Bank sector woes continued last week increasing concerns about the stability of the US economy. Many investors now think the Fed may be forced to pause its current cycle of rate increases in response. We’ll find out on Wednesday.
Following the collapse of Silicon Valley Bank in the US, which prompted a sell-off in risk-assets, stocks rebounded after US CPI data on Tuesday showed the annual inflation Rate fell to 6% in February. This provided some relief although core inflation was reported higher than forecasted.
News came on Wednesday that Credit Suisse was also having problems and yesterday (Sunday) UBS was persuaded by regulators to buy its rival in an emergency deal with the hope that confidence could be restored. Today (Monday) markets are a bit calmer – equities are holding steady, the US 10-yr Treasury Yield is slightly higher and the Dollar down a little.
Looking ahead, the US Fed will announce its latest decision on interest rates on Wednesday and analysts are finding it difficult to judge if rates will be kept unchanged or lifted again by 0.25%, as previously expected. The central bank has to weigh concerns over the health of the global banking system with the task of keeping inflation under control.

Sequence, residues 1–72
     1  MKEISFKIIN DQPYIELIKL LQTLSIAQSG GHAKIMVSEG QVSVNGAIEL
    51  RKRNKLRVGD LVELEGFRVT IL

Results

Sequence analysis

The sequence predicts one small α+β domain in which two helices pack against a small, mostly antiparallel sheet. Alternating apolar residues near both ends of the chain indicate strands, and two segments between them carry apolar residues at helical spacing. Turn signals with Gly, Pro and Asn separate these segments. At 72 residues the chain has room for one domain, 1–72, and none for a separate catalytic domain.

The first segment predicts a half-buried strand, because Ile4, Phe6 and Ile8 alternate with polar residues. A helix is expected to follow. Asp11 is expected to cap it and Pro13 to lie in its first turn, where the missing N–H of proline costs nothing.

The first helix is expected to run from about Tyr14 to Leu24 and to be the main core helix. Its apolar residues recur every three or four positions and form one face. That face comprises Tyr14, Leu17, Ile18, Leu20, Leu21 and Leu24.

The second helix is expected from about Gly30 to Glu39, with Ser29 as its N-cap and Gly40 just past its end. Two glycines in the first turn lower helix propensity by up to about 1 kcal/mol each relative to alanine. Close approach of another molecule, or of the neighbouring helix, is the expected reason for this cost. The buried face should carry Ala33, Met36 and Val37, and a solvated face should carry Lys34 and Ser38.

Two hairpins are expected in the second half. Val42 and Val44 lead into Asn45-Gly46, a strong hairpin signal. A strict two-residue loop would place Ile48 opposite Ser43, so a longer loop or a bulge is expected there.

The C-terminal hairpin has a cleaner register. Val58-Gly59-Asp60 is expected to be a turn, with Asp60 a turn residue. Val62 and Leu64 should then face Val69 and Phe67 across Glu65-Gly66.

The ECB prioritised the inflation battle last week when it announced a 0.5% hike, saying “inflation is projected to remain too high for too long”. Regarding recent volatility in banking stocks it added “the governing council is monitoring current market tensions closely and stands ready to respond as necessary to preserve price stability and financial stability in the euro area.”
In the UK Chancellor Jeremy Hunt announced his Spring Budget last week promising to halve inflation and grow the economy, read our full report here
Latest UK inflation data will be released on Wednesday. The Bank of England will be announcing its latest interest rate decision on Thursday.
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